Treatment with 3D conformal radiotherapy prior to hepatectomy significantly improved post-operative outcomes compared with surgery alone in patients with resectable hepatocellular carcinoma and portal vein tumor thrombus, according to the results of randomized study published in the <em>Journal of Clinical Oncology</em>.<br />
Treatment with 3D conformal radiotherapy prior to hepatectomy significantly improved post-operative outcomes compared with surgery alone in patients with resectable hepatocellular carcinoma (HCC) and portal vein tumor thrombus, according to the results of a randomized study published in theJournal of Clinical Oncology.1
At 1 year, the rate of overall survival (OS) in the neoadjuvant radiotherapy arm was 75.2% compared with 43.1% in the hepatectomy-alone arm. Significant increases in OS were seen in patients with both type II and type III portal vein tumor thrombus.
The study authors, led by Xubiao Wei, MD, noted that “despite progressive disease and adverse events in a small proportion of patients, neoadjuvant radiotherapy is effective in improving overall survival and disease-free survival rates in patients with hepatocellular carcinoma and portal vein tumor thrombus. IL-6 may act as a biomarker in predicting the response to radiation in these patients.”
Surgery is recommended for select patients with resectable HCC and portal vein tumor thrombus over nonsurgical treatments. A prior retrospective study, however, demonstrated that neoadjuvant radiotherapy significantly reduced the extent of portal vein tumor thrombus and improved long-term survival. The rates of HCC recurrence (HR, 0.36; 95% CI, 0.19-0.70) and HCC-related death (HR, 0.32; 95% CI, 0.18-0.57) were both improved with neoadjuvant radiotherapy.2
This study aimed to confirm the results of the retrospective study in a randomized fashion. The randomized, open-label, multicenter controlled trial randomized patients to either neoadjuvant radiotherapy followed by surgery (n = 82) or surgery alone (n = 82).1
All patients had primary resectable HCC and Cheng’s type II or III portal vein tumor thrombus involving the right- or left-side branch or the main trunk of the portal vein. Patients were excluded if they had received a prior regimen for HCC within 1 year and if they had another malignancy, hepatitis C virus, or HIV infection.
Modified RECIST criteria were used to evaluate the effects of radiotherapy. Patients in the radiotherapy plus surgery arm were re-evaluated at 4 weeks following RT, and surgery was performed within 5 days of assessment if there were no contraindications. Those randomized directly to hepatectomy received surgery within 5 days. OS was the primary endpoint of the trial.
Baseline characteristics were mostly well matched between the 2 arms. The mean age was 52.8 years in the neoadjuvant arm and 50.5 in the surgery arm. A majority of patients had Child-Pugh grade A status (97%) and an alpha-fetoprotein level ≥20 (74%). Seventy-percent of patients received a major hepatectomy between the 2 arms, and 30% received a minor surgery.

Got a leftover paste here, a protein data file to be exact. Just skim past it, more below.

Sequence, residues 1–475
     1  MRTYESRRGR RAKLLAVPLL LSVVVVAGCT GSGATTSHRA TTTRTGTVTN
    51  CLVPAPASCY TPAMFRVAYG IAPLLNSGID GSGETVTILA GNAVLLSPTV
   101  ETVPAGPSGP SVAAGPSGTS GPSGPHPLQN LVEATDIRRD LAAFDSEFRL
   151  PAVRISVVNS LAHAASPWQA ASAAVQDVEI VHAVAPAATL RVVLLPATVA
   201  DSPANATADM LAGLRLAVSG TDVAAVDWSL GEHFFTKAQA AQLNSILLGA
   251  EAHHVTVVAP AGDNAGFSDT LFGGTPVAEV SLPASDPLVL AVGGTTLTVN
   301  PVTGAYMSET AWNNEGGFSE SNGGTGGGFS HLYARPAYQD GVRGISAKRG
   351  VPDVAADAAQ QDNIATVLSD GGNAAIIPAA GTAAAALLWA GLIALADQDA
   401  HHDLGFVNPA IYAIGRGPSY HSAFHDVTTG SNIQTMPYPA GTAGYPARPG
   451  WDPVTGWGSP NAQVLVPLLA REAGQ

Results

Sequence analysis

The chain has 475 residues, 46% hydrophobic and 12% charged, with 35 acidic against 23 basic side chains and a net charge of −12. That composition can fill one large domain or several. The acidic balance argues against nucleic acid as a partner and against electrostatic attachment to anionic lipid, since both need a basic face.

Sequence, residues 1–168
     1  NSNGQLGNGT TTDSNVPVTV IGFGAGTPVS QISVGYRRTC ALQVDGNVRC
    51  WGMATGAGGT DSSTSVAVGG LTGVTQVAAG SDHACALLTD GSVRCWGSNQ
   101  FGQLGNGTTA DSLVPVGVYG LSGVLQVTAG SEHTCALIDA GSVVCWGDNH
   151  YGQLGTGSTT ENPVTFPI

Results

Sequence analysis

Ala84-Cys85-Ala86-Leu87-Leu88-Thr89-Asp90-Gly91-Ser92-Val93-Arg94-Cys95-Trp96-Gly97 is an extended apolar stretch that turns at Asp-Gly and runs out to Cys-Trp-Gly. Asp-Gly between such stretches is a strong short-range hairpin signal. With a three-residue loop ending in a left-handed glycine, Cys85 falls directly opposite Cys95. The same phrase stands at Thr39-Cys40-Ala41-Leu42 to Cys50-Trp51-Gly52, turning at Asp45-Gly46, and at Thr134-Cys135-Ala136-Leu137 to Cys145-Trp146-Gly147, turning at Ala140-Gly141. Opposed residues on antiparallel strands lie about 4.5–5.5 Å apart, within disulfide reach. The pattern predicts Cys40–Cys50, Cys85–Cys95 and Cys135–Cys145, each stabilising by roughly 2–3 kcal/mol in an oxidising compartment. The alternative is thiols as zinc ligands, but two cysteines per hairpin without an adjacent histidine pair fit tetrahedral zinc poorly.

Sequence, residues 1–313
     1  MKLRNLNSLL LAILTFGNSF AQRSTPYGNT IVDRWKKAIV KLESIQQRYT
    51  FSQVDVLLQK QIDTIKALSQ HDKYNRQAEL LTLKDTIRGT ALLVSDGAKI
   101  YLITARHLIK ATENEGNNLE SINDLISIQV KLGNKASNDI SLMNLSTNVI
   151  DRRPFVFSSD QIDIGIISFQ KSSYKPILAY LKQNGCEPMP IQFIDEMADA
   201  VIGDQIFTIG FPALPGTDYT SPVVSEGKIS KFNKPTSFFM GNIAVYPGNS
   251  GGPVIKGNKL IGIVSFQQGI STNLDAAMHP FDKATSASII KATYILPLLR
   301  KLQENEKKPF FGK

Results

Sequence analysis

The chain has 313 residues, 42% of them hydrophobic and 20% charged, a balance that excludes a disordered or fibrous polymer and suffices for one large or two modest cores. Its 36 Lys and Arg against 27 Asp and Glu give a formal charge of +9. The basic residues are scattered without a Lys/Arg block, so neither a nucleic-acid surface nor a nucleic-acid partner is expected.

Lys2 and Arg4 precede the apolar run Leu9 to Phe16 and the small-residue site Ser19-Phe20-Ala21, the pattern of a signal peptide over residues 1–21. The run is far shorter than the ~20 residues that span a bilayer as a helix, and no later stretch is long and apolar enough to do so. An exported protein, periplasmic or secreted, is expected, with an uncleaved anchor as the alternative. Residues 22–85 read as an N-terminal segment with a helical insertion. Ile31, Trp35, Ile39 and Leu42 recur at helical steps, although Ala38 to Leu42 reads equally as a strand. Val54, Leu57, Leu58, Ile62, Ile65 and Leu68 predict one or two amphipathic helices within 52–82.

Th overall response rate to neoadjuvant radiotherapy was 20.7%, consisting of all partial remissions. An additional 58 patients had stable disease (70.7%) and 7 patients (8.5%) had progressive disease. In the responding patients, portal vein tumor thrombus was downstage from type III to type II or from II to I in 12 patients. Nine patients developed contraindications to surgery after receiving radiotherapy and instead received nonsurgical treatments.
Median follow-up was 15.2 months (range, 10.5-21.5) in the neoadjuvant radiotherapy arm and 10.8 months (range, 6.8-15.6) in the surgery-alone arm. HCC recurrence occurred in 66 patients in the neoadjuvant arm and in 75 patients in the surgery arm.
At 12 months, the rate of OS was 75.2% in the neoadjuvant radiotherapy arm and was 27.4% at 24 months. In the surgery-alone arm, the rate of OS was 43.1% at 12 months and 9.4% at 24 months. Disease-free survival (DFS) rates were 33.0% and 14.9% in the neoadjuvant and surgery arms, respectively, at 1 year, and were 13.3% and 3.3% at 2 years (P= .009).
Radiotherapy significantly increased the OS and DFS rates in patients with both type II and type III portal vein tumor thrombus. Neoadjuvant treatment also significantly decreased the risk of HCC-related mortality (HR, 0.35; 95% CI, 0.23-0.54;P<.001) and HCC recurrence (HR, 0.45; 95% CI, 0.31-0.64;P<.001) compared with surgery alone.
Immunohistochemistry staining for interleukin-6 (IL-6) was performed in patients who underwent neoadjuvant radiotherapy to test for associations between the levels of IL-6 and radioresistance. Baseline serum IL-6 levels were significantly higher in patients who had progression of disease after radiotherapy compared with those who achieved a response or stable disease (P= .047). In HCC tissue samples, the IL-6 levels were also significantly higher in the non-responders than the responders and those who achieved stable disease (P= .018).
“The ability to identify biomarkers to predict the responses to radiotherapy is of critical importance to select patients for neoadjuvant radiotherapy,” the study authors wrote. “Our results indicate that IL-6 overexpression in serum or tumor tissues is related to radioresistance. More fundamental and clinical studies are needed to verify this hypothesis.”
Grade 1/2 surgery-related complications were more common in the surgery-alone arm than in patients who received neoadjuvant therapy (23 vs 16;P= .380). There were 4 grade 3/4 complications in the neoadjuvant radiotherapy arm, including intra-abdominal hemorrhage in 2 patients, and liver failure and pulmonary infection in 1 patient each. One case of grade 3/4 liver failure was observed in the surgery-alone arm. There was 1 case of grade 5 liver failure reported in each arm as well as 1 case of grade 5 portal vein thrombosis in the surgery-alone arm.